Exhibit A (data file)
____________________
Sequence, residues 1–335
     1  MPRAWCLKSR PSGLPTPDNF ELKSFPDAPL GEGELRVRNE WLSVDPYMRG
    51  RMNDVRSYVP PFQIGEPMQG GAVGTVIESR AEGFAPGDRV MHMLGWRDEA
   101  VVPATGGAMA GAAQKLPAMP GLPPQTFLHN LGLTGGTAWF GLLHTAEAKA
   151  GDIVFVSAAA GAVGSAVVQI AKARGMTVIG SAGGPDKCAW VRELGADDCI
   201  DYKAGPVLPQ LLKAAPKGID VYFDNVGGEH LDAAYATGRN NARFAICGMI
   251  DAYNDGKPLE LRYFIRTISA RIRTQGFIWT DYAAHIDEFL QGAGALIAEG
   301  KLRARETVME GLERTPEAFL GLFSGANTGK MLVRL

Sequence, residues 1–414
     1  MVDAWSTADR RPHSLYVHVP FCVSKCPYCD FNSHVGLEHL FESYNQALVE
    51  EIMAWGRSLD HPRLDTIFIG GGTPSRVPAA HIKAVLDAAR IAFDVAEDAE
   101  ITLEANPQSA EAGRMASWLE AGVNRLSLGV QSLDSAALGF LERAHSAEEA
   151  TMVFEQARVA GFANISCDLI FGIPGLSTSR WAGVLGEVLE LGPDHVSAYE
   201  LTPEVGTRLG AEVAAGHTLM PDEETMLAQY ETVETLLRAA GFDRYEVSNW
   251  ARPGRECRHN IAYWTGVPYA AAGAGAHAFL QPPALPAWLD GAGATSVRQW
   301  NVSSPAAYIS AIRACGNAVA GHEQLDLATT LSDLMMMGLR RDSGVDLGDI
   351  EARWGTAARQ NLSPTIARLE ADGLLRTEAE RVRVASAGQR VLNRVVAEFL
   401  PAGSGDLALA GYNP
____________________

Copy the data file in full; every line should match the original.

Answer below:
Sequence, residues 1–335
     1  MPRAWCLKSR PSGLPTPDNF ELKSFPDAPL GEGELRVRNE WLSVDPYMRG
    51  RMNDVRSYVP PFQIGEPMQG GAVGTVIESR AEGFAPGDRV MHMLGWRDEA
   101  VVPATGGAMA GAAQKLPAMP GLPPQTFLHN LGLTGGTAWF GLLHTAEAKA
   151  GDIVFVSAAA GAVGSAVVQI AKARGMTVIG SAGGPDKCAW VRELGADDCI
   201  DYKAGPVLPQ LLKAAPKGID VYFDNVGGEH LDAAYATGRN NARFAICGMI
   251  DAYNDGKPLE LRYFIRTISA RIRTQGFIWT DYAAHIDEFL QGAGALIAEG
   301  KLRARETVME GLERTPEAFL GLFSGANTGK MLVRL

Sequence, residues 1–414
     1  MVDAWSTADR RPHSLYVHVP FCVSKCPYCD FNSHVGLEHL FESYNQALVE
    51  EIMAWGRSLD HPRLDTIFIG GGTPSRVPAA HIKAVLDAAR IAFDVAEDAE
   101  ITLEANPQSA EAGRMASWLE AGVNRLSLGV QSLDSAALGF LERAHSAEEA
   151  TMVFEQARVA GFANISCDLI FGIPGLSTSR WAGVLGEVLE LGPDHVSAYE
   201  LTPEVGTRLG AEVAAGHTLM PDEETMLAQY ETVETLLRAA GFDRYEVSNW
   251  ARPGRECRHN IAYWTGVPYA AAGAGAHAFL QPPALPAWLD GAGATSVRQW
   301  NVSSPAAYIS AIRACGNAVA GHEQLDLATT LSDLMMMGLR RDSGVDLGDI
   351  EARWGTAARQ NLSPTIARLE ADGLLRTEAE RVRVASAGQR VLNRVVAEFL
   401  PAGSGDLALA GYNP